He also said he attempts to speak daily with two receivers he considered it a priority to mentor: Stills and Nick Toon, a 2012 third-round draft selection.

“Those relationships are the ones I’m going to carry with me even after I’m long gone (from) football,” Moore said. “Those guys were more than just my teammates and colleagues — they were my good friends.”

In wake of Bunkley injury, Saints promote rookie Lawrence Virgil from practice squad, source says

Two days after Saints nose tackle Brodrick Bunkley hurt his quad in a defeat at home to Baltimore, New Orleans promoted a defensive lineman from its practice squad.

Lawrence Virgil, an undrafted rookie out of Valdosta State, has been brought up from the Saints’ practice squad to their 53-man roster, an NFL source said Wednesday night.

Earlier Wednesday, a source told The Advocate the Saints signed ex-University of Georgia defensive lineman Garrison Smith to the practice squad, presumably to occupy the spot Virgil vacated.

The NFL had not officially processed either move Wednesday.

The 6-foot-5, 290-pound Virgil spent training camp with the Saints this summer and registered an 11-yard sack in an exhibition but was left off the roster at the conclusion of the preseason. The Saints (4-7) signed him to their 10-man practice squad, where he’s remained all year.

As for Bunkley (6-foot-2, 306 pounds), he injured his leg on a second-and-7 for the Ravens at midfield trying to stop a rush by running back Justin Forsett. Bunkley walked off the field with the help of trainers but didn’t return.

Under Bunkley on the Saints depth chart were 2013 third-round draft selection John Jenkins and Brandon Deaderick, an NFL veteran in his first season with New Orleans.

Bunkley finished Monday with 17 tackles on the season, eight of which were solo. This is his ninth season in the NFL and third in New Orleans.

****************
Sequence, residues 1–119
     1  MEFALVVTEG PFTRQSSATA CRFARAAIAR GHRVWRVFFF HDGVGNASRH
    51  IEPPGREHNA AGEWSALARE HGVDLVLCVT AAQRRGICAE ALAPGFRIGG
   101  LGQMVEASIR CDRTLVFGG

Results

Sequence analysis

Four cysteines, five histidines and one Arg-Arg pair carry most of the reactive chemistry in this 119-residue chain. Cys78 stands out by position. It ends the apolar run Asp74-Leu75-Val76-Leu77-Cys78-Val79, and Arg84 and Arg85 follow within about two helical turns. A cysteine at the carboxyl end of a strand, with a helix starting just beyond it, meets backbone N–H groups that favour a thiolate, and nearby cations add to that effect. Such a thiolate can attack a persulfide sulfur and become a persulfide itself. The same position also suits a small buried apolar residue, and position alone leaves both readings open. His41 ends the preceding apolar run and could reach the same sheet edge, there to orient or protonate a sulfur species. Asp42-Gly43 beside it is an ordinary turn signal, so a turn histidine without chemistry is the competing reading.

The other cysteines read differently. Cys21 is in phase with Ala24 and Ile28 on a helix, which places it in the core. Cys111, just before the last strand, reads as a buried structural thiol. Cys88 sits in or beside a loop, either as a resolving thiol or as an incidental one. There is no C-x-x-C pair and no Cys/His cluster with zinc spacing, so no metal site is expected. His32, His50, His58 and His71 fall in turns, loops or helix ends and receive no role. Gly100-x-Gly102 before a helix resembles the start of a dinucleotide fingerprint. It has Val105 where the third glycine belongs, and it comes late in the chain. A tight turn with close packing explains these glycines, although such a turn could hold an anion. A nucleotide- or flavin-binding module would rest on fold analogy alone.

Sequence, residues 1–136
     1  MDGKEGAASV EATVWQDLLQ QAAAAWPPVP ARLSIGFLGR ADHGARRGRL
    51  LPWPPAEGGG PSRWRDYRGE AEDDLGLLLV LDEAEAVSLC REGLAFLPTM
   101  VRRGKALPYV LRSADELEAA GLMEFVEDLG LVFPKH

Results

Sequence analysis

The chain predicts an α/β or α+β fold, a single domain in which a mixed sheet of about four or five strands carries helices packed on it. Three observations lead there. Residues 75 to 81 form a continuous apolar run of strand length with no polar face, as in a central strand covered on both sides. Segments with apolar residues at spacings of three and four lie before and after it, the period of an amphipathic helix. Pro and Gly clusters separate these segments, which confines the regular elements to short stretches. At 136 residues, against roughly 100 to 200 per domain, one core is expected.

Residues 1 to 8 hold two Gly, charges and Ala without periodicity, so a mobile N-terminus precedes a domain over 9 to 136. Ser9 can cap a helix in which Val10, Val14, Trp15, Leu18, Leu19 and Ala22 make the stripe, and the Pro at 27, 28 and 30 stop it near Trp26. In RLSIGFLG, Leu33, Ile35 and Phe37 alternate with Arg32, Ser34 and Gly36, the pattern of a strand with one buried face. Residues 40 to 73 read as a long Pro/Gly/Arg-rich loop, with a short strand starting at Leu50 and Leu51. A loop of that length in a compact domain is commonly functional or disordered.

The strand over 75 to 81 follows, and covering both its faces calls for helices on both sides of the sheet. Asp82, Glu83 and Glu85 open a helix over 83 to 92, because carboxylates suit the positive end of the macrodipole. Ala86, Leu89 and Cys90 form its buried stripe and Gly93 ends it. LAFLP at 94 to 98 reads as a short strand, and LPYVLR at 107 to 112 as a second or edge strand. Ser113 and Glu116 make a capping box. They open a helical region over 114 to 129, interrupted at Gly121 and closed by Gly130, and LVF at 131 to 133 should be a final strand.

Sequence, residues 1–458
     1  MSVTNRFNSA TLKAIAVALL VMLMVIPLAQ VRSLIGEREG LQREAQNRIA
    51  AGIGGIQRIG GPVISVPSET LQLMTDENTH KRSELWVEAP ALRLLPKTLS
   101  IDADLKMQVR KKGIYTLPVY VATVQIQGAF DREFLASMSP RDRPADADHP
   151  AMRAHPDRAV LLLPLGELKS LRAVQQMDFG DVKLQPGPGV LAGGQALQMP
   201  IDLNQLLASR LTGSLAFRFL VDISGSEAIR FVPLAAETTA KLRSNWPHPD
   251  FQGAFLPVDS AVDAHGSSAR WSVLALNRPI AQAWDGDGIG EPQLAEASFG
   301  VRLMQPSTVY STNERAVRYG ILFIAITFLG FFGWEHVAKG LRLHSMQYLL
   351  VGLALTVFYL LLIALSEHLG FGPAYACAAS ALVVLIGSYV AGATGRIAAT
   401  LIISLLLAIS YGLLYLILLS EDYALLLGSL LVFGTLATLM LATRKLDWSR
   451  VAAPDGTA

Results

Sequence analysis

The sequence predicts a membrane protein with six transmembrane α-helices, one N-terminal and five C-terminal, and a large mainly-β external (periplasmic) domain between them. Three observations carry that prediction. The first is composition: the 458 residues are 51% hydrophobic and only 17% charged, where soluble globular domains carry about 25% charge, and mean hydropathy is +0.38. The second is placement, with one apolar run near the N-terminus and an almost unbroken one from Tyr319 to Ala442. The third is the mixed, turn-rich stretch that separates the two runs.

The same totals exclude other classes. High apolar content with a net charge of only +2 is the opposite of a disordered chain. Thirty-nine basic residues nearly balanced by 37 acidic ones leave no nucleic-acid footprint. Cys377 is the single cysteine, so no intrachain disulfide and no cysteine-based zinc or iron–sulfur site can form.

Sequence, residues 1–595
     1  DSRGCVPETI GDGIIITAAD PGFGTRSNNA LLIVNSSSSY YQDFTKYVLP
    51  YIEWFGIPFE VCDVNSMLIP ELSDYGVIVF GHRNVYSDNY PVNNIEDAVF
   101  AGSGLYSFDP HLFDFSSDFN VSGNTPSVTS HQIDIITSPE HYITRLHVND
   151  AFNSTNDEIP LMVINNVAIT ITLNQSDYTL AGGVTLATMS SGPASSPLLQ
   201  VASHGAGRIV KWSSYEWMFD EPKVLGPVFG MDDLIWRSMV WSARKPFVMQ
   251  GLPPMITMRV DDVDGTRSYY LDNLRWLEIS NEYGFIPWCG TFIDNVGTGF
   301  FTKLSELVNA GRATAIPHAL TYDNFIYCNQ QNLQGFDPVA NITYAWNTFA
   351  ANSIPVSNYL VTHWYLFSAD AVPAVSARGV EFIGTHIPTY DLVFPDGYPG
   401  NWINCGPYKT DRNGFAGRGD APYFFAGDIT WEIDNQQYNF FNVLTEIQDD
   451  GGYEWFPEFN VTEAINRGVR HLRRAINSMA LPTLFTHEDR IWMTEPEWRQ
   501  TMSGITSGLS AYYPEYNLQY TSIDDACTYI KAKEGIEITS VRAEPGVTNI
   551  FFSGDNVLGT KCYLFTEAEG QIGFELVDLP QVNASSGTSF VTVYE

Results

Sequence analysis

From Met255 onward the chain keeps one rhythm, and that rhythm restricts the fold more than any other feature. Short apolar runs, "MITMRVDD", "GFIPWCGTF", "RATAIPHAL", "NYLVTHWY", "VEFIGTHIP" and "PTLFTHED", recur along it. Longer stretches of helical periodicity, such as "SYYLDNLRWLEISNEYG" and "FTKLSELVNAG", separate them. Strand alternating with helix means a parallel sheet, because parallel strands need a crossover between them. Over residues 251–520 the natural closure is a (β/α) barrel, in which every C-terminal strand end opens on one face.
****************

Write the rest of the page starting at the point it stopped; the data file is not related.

To put Virgil on the 53-man roster, the Saints would’ve had to create a spot for him. It’s possible they did that by placing Bunkley on season-ending injured reserve.

The NFL Network on Tuesday reported Bunkley actually tore his injured quad and was done for the year. New Orleans didn’t provide an update on Bunkley’s condition Wednesday.

A Saints team that is ranked 27th on defense and surrendered a staggering 1,184 yards as well as 88 points in consecutive setbacks to San Francisco, Cincinnati and Baltimore at the Mercedes-Benz Superdome can ill afford more major injuries to its personnel.

The Saints play at Pittsburgh (7-4) on Sunday.

Kenny Vaccaro on what he’s thankful for and playing in the NFL: ‘You can’t take any snaps for granted’

Not usually a big fan of doing holiday stories, but Kenny Vaccaro gave a pretty thoughtful answer when asked about what he’ll be thinking about on Thanksgiving.

“Being able to play this game, period. You get down about — start thinking about individual for me, start thinking about, ‘Am I going to make this this year.’ Then again, it’s just a blessing to be in this league, period. You go against elite players.

“What’s the chances that when I was born I was going to make the NFL? I think about that before every game, every snap, you can’t take it for granted. Seeing the Eric Berry situation, that really got me before the game when I saw that. Somebody that is so athletic, so healthy, that something like that happened to him. You can’t take any snaps for granted. You just got to thank god that you can go out there.

“You can listen to critics on Instagram and Twitter saying you can’t do this, you can’t do this. Well, a lot of people can’t in this position, period. At least I have the opportunity to step on the field with guys like Drew Brees, Jimmy Graham. These are guys people are going to talk about way after they’re gone. You’re gonna see them on ‘America’s Football Game.’ You’re going to see them.

“These moments, what we’re going through right now, I’ll always be doing this for the rest of my life. The struggles, I think it’s all a blessing in disguise.

That’s what you got to hold onto. To me in this league it’s about respect. Everyone respects each other around the league. Win, lose or draw, it’s just an honor to be here.”

Source: Saints sign Garrison Smith to practice squad

The Saints made a move Wednesday afternoon, adding defensive lineman Garrison Smith to the practice squad, according to a source.

The corresponding move is not yet known. The move comes after Brodrick Bunkley suffered a quad injury during Monday’s loss to the Baltimore Ravens.